The Blue Oval automaker is going all in on trucks and crossovers, as well as electrified vehicles, as it plans to remake three-fourths of its lineup by 2020. This all comes from a Q1 earnings report.
On Friday, I penned a minor rant about the state of the four-door sedan. Many of you read and commented, for which I offer my profuse thanks. It’s the readers who make this place, after all.
Many good reasons and theories were bandied about in the comments, leading me to believe the B&B has a bit more opinion than most on the future of this once-burgeoning segment. Still, we know four-door family sedans are slowly going the way of PalmPilots and Polaroids.
My question for today is this: what’s the next sedan, on sale today, you think will asked to leave stage right?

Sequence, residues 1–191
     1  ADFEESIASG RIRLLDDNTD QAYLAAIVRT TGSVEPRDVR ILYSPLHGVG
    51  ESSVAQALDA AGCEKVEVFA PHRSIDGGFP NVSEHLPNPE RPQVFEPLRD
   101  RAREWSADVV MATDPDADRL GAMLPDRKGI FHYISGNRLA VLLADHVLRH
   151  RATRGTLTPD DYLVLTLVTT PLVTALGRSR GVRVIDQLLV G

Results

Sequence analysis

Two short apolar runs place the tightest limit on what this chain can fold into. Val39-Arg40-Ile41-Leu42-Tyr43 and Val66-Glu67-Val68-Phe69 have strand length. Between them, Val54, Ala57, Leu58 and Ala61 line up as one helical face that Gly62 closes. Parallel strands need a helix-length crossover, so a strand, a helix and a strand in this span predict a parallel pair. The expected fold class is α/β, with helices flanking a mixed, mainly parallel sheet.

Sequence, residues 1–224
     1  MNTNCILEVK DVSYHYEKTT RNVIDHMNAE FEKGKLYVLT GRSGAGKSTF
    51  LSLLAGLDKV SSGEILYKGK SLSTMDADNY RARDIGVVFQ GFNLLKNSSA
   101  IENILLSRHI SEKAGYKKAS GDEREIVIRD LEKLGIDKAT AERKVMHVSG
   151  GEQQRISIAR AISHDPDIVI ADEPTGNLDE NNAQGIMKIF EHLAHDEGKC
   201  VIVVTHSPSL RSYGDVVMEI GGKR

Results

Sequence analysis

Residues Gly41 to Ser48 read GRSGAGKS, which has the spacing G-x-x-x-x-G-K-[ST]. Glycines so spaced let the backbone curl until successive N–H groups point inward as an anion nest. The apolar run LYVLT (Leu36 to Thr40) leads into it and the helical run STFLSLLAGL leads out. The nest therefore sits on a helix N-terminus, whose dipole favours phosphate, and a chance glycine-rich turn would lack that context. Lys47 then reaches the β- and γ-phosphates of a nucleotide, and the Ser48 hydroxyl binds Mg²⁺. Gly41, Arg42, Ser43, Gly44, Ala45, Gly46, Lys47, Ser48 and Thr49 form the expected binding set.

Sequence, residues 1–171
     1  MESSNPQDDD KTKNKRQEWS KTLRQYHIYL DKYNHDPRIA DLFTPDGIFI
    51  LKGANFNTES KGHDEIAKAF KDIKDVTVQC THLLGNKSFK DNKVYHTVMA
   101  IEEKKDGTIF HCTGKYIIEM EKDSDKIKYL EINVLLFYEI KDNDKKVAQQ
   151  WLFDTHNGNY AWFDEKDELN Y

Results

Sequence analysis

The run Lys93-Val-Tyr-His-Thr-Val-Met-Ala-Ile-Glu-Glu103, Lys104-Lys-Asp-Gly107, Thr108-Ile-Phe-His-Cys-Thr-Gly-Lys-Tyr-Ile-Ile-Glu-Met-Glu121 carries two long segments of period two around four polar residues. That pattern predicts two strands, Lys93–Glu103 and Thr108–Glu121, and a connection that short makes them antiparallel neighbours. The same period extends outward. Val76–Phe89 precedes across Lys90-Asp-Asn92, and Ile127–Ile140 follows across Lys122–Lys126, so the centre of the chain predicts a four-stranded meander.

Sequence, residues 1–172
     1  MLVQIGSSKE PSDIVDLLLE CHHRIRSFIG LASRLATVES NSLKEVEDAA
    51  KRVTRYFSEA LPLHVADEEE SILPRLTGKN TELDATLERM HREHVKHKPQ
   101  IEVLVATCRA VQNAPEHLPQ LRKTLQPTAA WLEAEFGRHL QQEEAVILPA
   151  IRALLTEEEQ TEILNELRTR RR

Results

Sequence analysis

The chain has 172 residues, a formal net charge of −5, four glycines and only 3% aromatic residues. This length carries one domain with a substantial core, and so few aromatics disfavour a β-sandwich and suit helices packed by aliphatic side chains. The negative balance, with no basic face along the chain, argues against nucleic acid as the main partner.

It’s no secret that the American buying public shuns four door sedans as if they were an especially virulent leper. Through the first 11 months of this year, the segment is off by over 300,000 units. Almost every car is down, even the spanking-new Honda Accord and Toyota Camry.
Reuters now reports that three of its sources claim Ford plans to consolidate global production of midsize sedans in 2020. The cars will be built in China and shipped to the United States and Europe.